Weah, Youth-Led USMNT Channel 'The Process' in Rebuilding After World Cup Failure

A sobering, slightly surreal night

At times, it seemed Tuesday’s the game mattered. Paraguay was physical—and brutal at times—and was committed to the tackle like a team needing three points, not one that’s going to miss the World Cup. The visitors were shown five yellow cards, and at least one—a two-footed, lunging tackle by Rodrigo Rojas—could’ve been red. Sarachan said afterward he was impressed with his young squad's composure.

And Sarachan, who at Monday’s pregame press conference that he wished he could give playing time to his entire team, instead coached most of the match like it was the third game of a group stage. In the 75th minute, he’d used only one substitute of an allotted six. And Paris Saint-Germain’s Tim Weah didn’t make his USA debut until the 86th. Two subs went unused.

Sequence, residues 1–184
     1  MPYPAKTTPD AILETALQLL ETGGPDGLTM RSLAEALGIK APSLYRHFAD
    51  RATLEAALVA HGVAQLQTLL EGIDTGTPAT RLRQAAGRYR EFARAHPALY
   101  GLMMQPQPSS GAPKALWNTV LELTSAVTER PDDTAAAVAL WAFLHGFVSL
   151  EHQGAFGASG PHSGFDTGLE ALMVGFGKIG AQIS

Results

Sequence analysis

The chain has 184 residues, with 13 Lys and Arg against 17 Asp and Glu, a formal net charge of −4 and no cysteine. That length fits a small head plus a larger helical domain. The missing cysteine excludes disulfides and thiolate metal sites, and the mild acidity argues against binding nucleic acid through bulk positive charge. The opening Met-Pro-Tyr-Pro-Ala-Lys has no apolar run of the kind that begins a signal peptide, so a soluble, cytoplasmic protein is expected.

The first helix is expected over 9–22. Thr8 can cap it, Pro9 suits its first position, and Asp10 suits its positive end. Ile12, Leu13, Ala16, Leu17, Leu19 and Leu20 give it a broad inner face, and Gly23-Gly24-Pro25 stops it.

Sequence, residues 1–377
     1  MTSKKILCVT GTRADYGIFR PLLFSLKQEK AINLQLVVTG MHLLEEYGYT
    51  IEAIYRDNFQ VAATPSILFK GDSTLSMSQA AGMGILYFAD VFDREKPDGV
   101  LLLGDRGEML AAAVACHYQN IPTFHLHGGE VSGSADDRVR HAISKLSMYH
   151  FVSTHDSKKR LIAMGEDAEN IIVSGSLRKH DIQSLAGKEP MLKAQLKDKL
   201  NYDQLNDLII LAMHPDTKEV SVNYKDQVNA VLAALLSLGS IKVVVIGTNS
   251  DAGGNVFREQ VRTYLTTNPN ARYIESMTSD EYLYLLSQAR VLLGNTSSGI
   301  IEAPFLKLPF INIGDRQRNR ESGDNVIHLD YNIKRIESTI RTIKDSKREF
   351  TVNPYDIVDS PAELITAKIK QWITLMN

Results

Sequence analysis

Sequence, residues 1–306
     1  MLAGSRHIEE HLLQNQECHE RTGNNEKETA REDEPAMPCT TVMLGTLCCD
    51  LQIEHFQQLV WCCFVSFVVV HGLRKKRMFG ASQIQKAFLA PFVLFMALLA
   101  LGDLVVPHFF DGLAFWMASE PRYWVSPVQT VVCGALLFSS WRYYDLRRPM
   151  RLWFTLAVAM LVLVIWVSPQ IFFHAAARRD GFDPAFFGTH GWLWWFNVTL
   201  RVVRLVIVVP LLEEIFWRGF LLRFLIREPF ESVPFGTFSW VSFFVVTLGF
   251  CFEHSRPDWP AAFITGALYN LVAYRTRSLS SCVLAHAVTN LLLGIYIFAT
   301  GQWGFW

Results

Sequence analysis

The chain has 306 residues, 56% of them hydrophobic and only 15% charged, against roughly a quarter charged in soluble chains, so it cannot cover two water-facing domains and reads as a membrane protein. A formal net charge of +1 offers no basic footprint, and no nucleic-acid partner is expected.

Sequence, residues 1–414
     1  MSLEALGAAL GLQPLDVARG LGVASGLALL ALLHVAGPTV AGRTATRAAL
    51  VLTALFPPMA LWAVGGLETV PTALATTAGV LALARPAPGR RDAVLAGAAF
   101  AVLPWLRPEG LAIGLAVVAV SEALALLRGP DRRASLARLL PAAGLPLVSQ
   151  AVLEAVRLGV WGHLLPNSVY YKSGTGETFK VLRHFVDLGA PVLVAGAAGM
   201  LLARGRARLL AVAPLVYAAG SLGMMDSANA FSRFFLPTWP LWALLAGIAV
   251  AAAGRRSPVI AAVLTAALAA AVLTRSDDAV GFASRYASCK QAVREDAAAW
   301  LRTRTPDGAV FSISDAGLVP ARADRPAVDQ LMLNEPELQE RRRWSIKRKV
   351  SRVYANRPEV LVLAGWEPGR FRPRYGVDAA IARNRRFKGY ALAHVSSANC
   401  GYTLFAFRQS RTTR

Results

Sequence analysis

The sell-out crowd of 9,895 was in good spirits. Anger over the Americans’ failure to qualify may have been mitigated by the interest in seeing some younger talent and the fact that this was the national team’s first appearance in the Triangle in a dozen years. So there was some atmosphere.

“We felt it was like a real home game,” Sarachan said.

But in the end, the lack of a U.S. breakthrough and the absence of so many familiar faces and names reminded everyone what Tuesday’s game really was—a standalone exhibition without much long-term purpose, and a reminder of the frustrating state of current affairs.

Elsewhere in the country Tuesday, Mexico was preparing for the World Cup in a sold-out stadium in Dallas, while Peru and Iceland got ready for long-awaited appearances on the sport’s biggest stage at Red Bull Arena. But the U.S., the site of all those games, isn’t going. Adams, Trapp and Weah, along with goalkeeper Zack Steffen and center backs Matt Miazga and Cameron Carter-Vickers—who played well and deserve a mention—may be the future. But the present is a team of international newbies playing in a hospitable but small second-division stadium. It was a bit strange, and not where U.S. Soccer expected to be. And there are more of these nights to come.